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December 5, 2008

When Nonprofits Fold For the Wrong Reasons

I am troubled by remarks made by Gary Tobin, president of the Institute for Jewish and Community Research, in your November 21 article “Not-for-Profits Brace for Trouble.” He said, “I think you’ll see some small nonprofits fold, or at least go into a holding pattern. Given the tens of thousands of Jewish organizations, if a few don’t make it out, it’s not going to be a tragedy.” I don’t mean to single out Tobin, as I’ve heard similar sentiments in other quarters, including recently from a member of a prominent philanthropic family.

I agree it is not generally a “tragedy” for the Jewish community if some nonprofits cease to exist (though it is for those organizations and the clients they serve). During normal times there are valid reasons nonprofits “fold” that are indicative of a well-functioning social infrastructure: Their missions are largely achieved; they employ ineffective or outdated techniques; or, in the estimation of the donor community, they no longer provide sufficient value to justify the investment required. I in no way advocate preventing nonprofits from disappearing; self-perpetuation is not sufficient justification for their existence. But these are not normal times, and we must consider more closely which nonprofits won’t “make it out,” and for whom it will be a tragedy.

It would be a tragedy for the Jewish community as a whole if the heightened mortality of this period of economic turmoil disproportionately affected those nonprofits whose work holds the greatest value for future generations, even if they do not exhibit the fatal behaviors mentioned above. The tragedy would be wholesale disinvestment in promising groups for reasons unrelated to their effectiveness, completion of mission or return on investment. Such sectoral rotation by philanthropists threatens the quality of the Jewish world we will bequeath to our descendants.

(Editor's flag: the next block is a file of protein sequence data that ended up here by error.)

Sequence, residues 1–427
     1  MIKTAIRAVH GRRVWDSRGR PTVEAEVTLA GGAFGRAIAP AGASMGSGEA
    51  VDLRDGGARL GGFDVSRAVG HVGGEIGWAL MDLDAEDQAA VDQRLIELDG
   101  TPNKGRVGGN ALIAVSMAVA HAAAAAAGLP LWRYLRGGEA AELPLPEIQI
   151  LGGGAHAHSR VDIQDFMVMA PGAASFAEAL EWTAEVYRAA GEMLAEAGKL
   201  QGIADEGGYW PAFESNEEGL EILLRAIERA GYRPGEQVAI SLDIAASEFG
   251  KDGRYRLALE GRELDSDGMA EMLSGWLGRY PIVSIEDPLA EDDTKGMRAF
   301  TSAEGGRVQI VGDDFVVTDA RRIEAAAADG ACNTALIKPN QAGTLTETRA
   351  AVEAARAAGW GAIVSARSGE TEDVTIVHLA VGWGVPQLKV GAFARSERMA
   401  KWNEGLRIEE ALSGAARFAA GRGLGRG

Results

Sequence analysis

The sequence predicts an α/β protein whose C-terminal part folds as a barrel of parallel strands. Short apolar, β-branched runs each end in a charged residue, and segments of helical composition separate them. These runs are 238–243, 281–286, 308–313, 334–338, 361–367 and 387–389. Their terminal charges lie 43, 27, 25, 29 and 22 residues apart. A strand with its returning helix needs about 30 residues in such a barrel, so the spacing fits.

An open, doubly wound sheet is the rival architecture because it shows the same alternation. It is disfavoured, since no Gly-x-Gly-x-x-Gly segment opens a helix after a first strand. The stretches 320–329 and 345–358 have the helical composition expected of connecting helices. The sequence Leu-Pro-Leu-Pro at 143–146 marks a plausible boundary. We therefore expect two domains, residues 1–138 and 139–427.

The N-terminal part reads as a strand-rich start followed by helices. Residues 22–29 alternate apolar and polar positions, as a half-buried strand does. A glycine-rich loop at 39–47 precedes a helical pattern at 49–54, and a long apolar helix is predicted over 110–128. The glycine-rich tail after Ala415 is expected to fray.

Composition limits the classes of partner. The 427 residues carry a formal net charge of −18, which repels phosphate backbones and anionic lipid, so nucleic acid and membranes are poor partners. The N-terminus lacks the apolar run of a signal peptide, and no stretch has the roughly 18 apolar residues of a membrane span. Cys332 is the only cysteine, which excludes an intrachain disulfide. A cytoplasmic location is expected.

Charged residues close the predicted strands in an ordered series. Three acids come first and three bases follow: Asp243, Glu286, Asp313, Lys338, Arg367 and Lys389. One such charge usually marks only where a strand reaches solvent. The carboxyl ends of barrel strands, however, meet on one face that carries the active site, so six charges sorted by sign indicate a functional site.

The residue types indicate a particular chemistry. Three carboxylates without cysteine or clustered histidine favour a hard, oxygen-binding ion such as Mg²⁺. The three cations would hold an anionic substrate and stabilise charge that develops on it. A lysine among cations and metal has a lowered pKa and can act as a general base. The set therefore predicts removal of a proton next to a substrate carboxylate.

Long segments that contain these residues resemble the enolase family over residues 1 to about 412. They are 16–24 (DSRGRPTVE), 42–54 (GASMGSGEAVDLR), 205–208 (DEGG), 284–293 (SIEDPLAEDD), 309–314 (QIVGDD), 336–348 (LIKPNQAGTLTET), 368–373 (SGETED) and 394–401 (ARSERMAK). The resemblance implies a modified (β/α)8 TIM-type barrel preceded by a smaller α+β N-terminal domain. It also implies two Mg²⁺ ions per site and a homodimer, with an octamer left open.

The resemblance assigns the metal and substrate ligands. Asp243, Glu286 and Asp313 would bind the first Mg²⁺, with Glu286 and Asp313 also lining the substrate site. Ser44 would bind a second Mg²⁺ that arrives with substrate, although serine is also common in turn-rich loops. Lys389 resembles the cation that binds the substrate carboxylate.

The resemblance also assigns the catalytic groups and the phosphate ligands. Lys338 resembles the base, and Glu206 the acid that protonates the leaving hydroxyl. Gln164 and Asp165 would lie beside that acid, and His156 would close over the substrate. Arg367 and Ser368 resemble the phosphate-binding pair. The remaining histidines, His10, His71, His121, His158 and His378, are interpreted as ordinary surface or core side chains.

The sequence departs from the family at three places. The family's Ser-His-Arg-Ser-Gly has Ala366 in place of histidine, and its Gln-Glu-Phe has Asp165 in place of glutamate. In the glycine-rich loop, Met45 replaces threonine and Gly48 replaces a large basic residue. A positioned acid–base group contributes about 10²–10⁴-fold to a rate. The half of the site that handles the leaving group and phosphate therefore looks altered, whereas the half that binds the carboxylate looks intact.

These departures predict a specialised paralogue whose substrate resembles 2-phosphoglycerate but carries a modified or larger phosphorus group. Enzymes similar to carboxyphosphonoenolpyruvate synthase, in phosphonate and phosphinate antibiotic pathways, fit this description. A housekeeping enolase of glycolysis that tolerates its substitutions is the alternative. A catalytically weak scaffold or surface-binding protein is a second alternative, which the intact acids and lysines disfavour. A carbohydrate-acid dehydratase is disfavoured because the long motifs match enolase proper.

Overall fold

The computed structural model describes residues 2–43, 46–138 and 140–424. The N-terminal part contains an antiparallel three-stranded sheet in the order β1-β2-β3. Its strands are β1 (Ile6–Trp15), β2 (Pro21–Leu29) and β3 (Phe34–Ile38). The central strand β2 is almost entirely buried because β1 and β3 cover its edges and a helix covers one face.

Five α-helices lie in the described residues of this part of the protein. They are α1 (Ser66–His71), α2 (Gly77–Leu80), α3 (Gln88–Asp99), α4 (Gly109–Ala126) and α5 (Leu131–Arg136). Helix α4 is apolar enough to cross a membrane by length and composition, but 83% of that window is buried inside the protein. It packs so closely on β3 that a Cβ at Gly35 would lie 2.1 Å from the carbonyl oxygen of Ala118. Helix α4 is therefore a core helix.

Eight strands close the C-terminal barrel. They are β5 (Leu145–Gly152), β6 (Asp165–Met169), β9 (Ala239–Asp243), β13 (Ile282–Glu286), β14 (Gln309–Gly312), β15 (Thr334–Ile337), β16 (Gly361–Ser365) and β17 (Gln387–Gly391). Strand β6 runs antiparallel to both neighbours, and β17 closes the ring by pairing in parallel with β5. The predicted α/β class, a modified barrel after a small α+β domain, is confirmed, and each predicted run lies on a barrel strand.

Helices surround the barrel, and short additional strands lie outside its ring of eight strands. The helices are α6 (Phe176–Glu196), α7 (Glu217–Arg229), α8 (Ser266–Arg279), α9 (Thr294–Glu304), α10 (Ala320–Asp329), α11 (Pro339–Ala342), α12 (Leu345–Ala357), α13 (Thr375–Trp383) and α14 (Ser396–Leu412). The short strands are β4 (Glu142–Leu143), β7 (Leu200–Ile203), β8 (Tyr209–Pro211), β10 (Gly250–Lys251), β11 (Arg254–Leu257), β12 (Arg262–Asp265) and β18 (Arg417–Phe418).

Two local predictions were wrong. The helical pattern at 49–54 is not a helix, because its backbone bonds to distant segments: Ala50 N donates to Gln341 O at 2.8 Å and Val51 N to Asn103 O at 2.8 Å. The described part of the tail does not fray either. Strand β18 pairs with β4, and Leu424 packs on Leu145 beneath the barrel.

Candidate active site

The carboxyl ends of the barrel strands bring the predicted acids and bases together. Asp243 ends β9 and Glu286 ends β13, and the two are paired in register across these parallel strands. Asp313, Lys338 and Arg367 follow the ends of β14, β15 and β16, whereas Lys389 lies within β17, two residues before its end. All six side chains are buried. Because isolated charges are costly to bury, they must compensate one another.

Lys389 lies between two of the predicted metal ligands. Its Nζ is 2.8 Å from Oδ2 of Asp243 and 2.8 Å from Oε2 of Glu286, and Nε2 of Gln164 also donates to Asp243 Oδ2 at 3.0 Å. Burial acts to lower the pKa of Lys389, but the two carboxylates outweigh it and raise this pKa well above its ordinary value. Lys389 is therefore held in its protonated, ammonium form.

Martin Kaminer
Bikkurim: An Incubator for New Jewish Ideas
New York, N.Y.

Evangelicals Deserve Thanks, Not Ridicule

Eli Valley’s November 14 cartoon “Evangelical Zionist Tours of Israel!” presented Christian Zionists as duplicitous, hate-filled fools, spouting horrible words that, as far as we can see, no Christian would ever say or, for that matter, think. The cartoon suggested that Christian Zionists think Hitler “was fulfilling God’s will,” desire to bomb the Dome of the Rock and enjoy the suffering of others. In short, it presented as fact every negative, untrue, stereotype we have ever heard about Christians, while inventing a few of its own.

We were horrified! That cartoon is as bigoted toward members of another religion as any antisemitic cartoon or work of literature that ever sought to present Jews as a money-hungry, power-grabbing, unmerciful people. As Jews, we have been the subject of bigotry and racism for millennia; God forbid we should practice that sort of horrifying bigotry toward others. How would we feel if a Christian newspaper published something equivalent about Jews?

And to make matters worse, the horrid things that cartoon suggests are being said, and published, in a Jewish newspaper, about a group of people that has consistently, and dramatically, gone out of its way to support both Israel and the Jewish people. Perhaps a little reality check is in order here: Jews make up a mere 2% of the population of the United States, while Evangelicals make up more than 25%. The fact is consistent, heartfelt Christian Zionist support for Israel — combined with their very real threat to vote out any politician not seen as standing with Israel — may be the biggest reason American legislative bodies consistently support Israel.